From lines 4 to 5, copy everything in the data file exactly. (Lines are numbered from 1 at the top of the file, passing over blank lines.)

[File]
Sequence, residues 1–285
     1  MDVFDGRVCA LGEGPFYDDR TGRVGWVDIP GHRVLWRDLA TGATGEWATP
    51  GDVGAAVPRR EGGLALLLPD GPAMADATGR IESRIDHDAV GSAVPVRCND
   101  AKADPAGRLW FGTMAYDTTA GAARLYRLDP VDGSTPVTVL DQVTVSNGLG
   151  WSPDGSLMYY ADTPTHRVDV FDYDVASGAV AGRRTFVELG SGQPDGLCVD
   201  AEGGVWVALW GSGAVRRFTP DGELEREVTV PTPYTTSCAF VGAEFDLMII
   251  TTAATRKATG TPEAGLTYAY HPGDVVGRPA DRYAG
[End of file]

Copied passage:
   101  AKADPAGRLW FGTMAYDTTA GAARLYRLDP VDGSTPVTVL DQVTVSNGLG
   151  WSPDGSLMYY ADTPTHRVDV FDYDVASGAV AGRRTFVELG SGQPDGLCVD